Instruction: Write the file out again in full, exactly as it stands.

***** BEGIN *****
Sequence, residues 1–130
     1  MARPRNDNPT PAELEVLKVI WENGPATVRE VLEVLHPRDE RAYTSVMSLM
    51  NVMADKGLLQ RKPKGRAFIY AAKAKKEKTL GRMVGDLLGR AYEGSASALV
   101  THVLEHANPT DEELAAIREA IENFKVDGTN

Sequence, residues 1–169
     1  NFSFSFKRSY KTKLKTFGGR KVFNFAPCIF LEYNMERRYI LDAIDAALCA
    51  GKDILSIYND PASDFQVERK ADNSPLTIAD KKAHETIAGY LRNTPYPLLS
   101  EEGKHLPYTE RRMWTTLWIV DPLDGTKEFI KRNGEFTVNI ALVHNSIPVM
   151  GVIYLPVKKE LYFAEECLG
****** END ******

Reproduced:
Sequence, residues 1–130
     1  MARPRNDNPT PAELEVLKVI WENGPATVRE VLEVLHPRDE RAYTSVMSLM
    51  NVMADKGLLQ RKPKGRAFIY AAKAKKEKTL GRMVGDLLGR AYEGSASALV
   101  THVLEHANPT DEELAAIREA IENFKVDGTN

Sequence, residues 1–169
     1  NFSFSFKRSY KTKLKTFGGR KVFNFAPCIF LEYNMERRYI LDAIDAALCA
    51  GKDILSIYND PASDFQVERK ADNSPLTIAD KKAHETIAGY LRNTPYPLLS
   101  EEGKHLPYTE RRMWTTLWIV DPLDGTKEFI KRNGEFTVNI ALVHNSIPVM
   151  GVIYLPVKKE LYFAEECLG